How to Choose a Welder Technical School
Once you have decided on the credential you would like to earn, a degree, certificate or diploma, you can begin to evaluate schools. As you probably know, there are numerous welder vocational and trade schools in the Foley AL area. That’s why it’s essential to determine up front what qualifications your selected school must have. We have previously discussed two important ones that many people look at first, which are location and tuition cost. As stated, although they are essential qualifiers, they are not the only ones that must be looked at. After all, the school you select is going to provide the training that will be the foundation of your new vocation as a welder. So below are some additional factors you may want to consider before picking a welder trade school.
Accreditation. It’s very important that the Foley AL welding technical school you select is accredited by either a national or a regional organization. There are two basic kinds of accreditation. The school may attain Institutional Accreditation based on all of their programs. Programmatic Accreditation is based on a single program the school offers, for example Welding Technology. So make sure that the program you select is accredited, not just the school itself. Also, the accreditation should be by a U.S. Department of Education acknowledged accrediting agency, such as the Accrediting Commission of Career Schools and Colleges of Technology (ACCSCT). Besides helping make sure that you get a quality education, the accreditation can also help in securing financial aid or student loans, which are frequently unavailable for schools that are not accredited. Also, for those states or local governments that require licensing, they may require that the welder training program be accredited also.
Job Assistance and Apprenticeship Programs. A large number of welding diploma or degree programs are offered in conjunction with an apprenticeship program. Various other schools will assist in placing you in a job or an apprenticeship upon graduation. Find out if the schools you are considering assist in placing students in apprenticeships or have a job assistance program. These schools must have relationships with local unions and various Foley AL metal working businesses to which they can place their students. Older schools may have a larger network of graduates that they can rely upon for placements. These programs can help students find employment and develop associations within the local welding community.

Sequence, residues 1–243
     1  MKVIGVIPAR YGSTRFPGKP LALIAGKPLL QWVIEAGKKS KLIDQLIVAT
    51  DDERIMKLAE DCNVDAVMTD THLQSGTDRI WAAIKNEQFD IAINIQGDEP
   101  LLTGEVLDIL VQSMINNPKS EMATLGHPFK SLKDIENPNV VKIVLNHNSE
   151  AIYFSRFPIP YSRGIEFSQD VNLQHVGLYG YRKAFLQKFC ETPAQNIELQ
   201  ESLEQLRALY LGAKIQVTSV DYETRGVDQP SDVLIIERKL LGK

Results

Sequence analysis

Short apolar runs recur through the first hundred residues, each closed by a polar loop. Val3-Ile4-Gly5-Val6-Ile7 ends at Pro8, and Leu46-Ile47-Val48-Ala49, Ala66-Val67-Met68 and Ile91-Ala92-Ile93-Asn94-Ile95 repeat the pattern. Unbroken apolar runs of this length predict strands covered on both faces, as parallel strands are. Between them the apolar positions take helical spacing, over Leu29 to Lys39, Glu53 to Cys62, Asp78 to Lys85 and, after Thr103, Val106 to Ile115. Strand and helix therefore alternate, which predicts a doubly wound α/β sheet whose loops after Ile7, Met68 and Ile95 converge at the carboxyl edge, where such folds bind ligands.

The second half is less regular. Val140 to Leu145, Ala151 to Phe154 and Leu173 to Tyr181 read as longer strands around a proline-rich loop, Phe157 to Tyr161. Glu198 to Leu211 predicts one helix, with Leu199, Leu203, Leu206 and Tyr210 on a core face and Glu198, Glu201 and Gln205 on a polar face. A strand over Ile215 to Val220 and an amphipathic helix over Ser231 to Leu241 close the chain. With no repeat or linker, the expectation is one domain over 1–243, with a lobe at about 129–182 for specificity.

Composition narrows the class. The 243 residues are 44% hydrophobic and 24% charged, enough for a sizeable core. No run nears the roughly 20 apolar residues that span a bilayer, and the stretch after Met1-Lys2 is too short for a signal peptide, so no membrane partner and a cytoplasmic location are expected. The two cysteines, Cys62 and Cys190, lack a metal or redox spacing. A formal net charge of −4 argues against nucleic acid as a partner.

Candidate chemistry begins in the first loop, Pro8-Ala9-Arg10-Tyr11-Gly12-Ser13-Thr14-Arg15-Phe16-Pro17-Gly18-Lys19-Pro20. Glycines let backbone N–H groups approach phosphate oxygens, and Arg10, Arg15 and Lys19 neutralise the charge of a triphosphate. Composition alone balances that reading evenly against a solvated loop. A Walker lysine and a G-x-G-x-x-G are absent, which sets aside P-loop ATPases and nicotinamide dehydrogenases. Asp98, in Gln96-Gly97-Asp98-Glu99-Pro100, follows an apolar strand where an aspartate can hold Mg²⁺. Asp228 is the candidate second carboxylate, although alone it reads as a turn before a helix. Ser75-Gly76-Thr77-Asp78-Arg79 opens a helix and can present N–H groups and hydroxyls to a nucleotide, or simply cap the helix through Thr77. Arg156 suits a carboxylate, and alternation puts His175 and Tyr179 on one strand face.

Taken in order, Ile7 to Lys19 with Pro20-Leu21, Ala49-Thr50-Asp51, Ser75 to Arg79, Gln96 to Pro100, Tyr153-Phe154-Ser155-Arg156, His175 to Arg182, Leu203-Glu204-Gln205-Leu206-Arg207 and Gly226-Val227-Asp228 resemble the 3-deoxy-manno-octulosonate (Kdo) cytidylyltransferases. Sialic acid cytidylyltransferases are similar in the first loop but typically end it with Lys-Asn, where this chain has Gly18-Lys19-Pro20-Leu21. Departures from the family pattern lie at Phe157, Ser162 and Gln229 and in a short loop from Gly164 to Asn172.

Completion and Job Placement Rates. The completion rate is the portion or percentage of students that start an academic program and complete it. It’s crucial that the welder program you select has a high completion rate. A low rate might signify that the students who joined the program were unhappy with the instruction, the teachers, or the facilities, and quit. The job placement rate is also a good indicator of the quality of training. A high job placement rate will not only affirm that the program has an excellent reputation within the field, but additionally that it has the network of Foley AL employer relationships to assist students secure apprenticeships or employment after graduation.
Up-to-date Facilities and Equipment. After you have decreased your choice of welder schools to 2 or 3 possibilities, you should think out visiting the campuses to look over their facilities. Confirm that both the equipment and the facilities that you will be taught on are up-to-date. In particular, the training equipment should be comparable to what you will be using in the field. If you are not sure what to look for, and are currently in an apprenticeship program, ask the master welder you are working under for guidance. If not, ask a local Foley AL welding professional if they can give you a few tips.
School Location. Although we previously briefly discussed the significance of location, there are a few additional issues that we should address. You should remember that unless you can relocate, the welding school you pick needs to be within driving distance of your Foley AL home. If you do opt to attend an out-of-state school, apart from moving expenses there could be higher tuition fees for out-of-state residents. This is especially the case for welding degree programs offered by community colleges. Furthermore, if the school provides a job placement or apprenticeship program, more than likely their placements are within the school’s local community. So the location of the school should be in an area or state where you ultimately will desire to work.